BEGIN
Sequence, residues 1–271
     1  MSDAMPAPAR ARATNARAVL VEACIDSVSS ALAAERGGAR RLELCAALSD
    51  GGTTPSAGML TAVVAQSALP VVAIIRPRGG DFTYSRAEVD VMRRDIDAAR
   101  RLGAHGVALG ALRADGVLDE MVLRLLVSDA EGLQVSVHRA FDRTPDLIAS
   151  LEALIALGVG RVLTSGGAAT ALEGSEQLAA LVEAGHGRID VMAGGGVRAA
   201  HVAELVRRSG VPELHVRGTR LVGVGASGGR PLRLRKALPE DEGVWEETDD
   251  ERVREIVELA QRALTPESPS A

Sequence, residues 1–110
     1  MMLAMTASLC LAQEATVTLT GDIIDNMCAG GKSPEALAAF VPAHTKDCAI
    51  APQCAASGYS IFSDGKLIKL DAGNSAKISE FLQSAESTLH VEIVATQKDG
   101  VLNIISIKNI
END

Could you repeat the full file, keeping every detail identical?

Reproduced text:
Sequence, residues 1–271
     1  MSDAMPAPAR ARATNARAVL VEACIDSVSS ALAAERGGAR RLELCAALSD
    51  GGTTPSAGML TAVVAQSALP VVAIIRPRGG DFTYSRAEVD VMRRDIDAAR
   101  RLGAHGVALG ALRADGVLDE MVLRLLVSDA EGLQVSVHRA FDRTPDLIAS
   151  LEALIALGVG RVLTSGGAAT ALEGSEQLAA LVEAGHGRID VMAGGGVRAA
   201  HVAELVRRSG VPELHVRGTR LVGVGASGGR PLRLRKALPE DEGVWEETDD
   251  ERVREIVELA QRALTPESPS A

Sequence, residues 1–110
     1  MMLAMTASLC LAQEATVTLT GDIIDNMCAG GKSPEALAAF VPAHTKDCAI
    51  APQCAASGYS IFSDGKLIKL DAGNSAKISE FLQSAESTLH VEIVATQKDG
   101  VLNIISIKNI